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The Jacobites – Howling Good Times: The Complete Regency Sound Recordings (Troubadour/Easy Action)

6 October 2009

The JACOBITESAKA the singing/songwriting partnership of STONES and FACES worshipping rock & rollers NIKKI SUDDEN (R.I.P.) and DAVE KUSWORTH – are rightfully renowned for their shambling, decadent, almost swooningly romantic albums from the 80s, crowned by the sprawling masterpiece Robespierre’s Velvet Basement. Less celebrated are the reunion records the pair made in the 90s, but that might change with this remastered reissue of the group’s 1993 comeback Howling Good Times. Joined by a strong backing band, the duo carried an excellent sheaf of songs into the studio and recorded what may be their most accessible album.

The production sparkles, the songwriting shines, the singing is sharper than usual and the record simply hums like a finely-tuned pop/rock engine. Shifting allegiances from Stonesy rawness to an almost lush folk rock sound dominated by acoustic guitars, TERRY MILES‘ organ and piano and Kusworth’s fragile vocals (Sudden has his chances to shine, but takes a back seat to his partner here), the Jacobites are at their most melodic on this LP. From the country rocking “Older Women” to the magnificent pop singles “Can’t You See” and “Don’t You Ever Leave Me” and the gorgeous “Flying” and “Chelsea Springtime” (featuring longtime band associate MAX EDIEAKA LIZARD – on co-vocals), these are the some of the most out-and-out catchy songs the band has ever done. Not that the group’s previous work was difficult, but here the focus really does seem to be on getting audiences to sing along, and that ain’t a bad thing at all.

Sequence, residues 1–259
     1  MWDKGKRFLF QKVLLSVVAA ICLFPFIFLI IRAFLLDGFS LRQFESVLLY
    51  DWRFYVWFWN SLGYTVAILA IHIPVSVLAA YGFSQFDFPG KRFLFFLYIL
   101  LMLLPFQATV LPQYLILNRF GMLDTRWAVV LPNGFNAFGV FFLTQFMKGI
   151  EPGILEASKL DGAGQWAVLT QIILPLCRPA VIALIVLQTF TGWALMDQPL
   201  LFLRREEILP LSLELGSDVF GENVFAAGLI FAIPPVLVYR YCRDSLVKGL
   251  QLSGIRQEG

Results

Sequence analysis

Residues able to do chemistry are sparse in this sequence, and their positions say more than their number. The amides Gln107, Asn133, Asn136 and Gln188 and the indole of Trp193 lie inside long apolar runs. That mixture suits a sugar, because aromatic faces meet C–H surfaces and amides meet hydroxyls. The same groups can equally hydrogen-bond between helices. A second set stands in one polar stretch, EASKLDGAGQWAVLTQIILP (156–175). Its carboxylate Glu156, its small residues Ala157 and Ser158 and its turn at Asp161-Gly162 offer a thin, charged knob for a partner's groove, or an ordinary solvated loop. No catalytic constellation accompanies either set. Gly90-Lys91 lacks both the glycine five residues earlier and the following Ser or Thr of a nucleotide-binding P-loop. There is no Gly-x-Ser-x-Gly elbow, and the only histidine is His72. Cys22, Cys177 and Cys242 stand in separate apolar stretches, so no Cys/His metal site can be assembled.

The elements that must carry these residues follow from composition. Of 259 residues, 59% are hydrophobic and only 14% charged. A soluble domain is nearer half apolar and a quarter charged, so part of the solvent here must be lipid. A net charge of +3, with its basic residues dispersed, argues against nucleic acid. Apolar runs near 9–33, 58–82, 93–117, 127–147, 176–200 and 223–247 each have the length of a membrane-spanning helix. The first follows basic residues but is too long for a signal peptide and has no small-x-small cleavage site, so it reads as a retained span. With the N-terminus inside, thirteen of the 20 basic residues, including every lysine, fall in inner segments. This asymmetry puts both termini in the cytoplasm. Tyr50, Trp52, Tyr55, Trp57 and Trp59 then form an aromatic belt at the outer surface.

The first disk adds related extras, including single mixes, an elegiac reprise of “Don’t You Ever Leave Me,” a lovely alternate version of “Flying” called “All My Life,” and the B-side “Traveling European Blues,” which crackles with rockabilly fire. The second disk has another album’s worth of tunes, both old and new, recorded in subsequent years for the album Old Scarlett and the compilations Hawks Get Religion and Heart of Hearts (the latter put together for the Spanish market and subtitled, naturally, The Spanish Album). Highlights includes Sudden’s anthemic ballads “The Rolling of the Hearse” and “Liquor, Guns & Ammo,” Kusworth’s hyper-romantic pop tunes “That Girl” and “She Belongs to You” and Sudden’s smarmy rocker “Penicillin.” The band’s worst sentimental instincts rear their heads on a soggy remake of “Heart of Hearts,” originally recorded to much better effect in 1984, and the DVD of studio tomfoolery and “guide vocal” versions of songs are of interest only to absolute diehards. But those are tiny flaws in an overall excellent package that rescues, improves and restores the reputation of a classic in the catalog of a still-underappreciated band.